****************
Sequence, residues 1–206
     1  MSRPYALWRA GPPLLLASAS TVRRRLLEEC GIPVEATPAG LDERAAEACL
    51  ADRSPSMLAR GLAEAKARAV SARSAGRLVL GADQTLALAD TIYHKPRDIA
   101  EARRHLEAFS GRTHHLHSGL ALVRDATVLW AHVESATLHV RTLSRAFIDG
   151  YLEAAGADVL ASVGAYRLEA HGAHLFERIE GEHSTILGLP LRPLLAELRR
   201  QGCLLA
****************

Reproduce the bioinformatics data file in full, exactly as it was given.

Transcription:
Sequence, residues 1–206
     1  MSRPYALWRA GPPLLLASAS TVRRRLLEEC GIPVEATPAG LDERAAEACL
    51  ADRSPSMLAR GLAEAKARAV SARSAGRLVL GADQTLALAD TIYHKPRDIA
   101  EARRHLEAFS GRTHHLHSGL ALVRDATVLW AHVESATLHV RTLSRAFIDG
   151  YLEAAGADVL ASVGAYRLEA HGAHLFERIE GEHSTILGLP LRPLLAELRR
   201  QGCLLA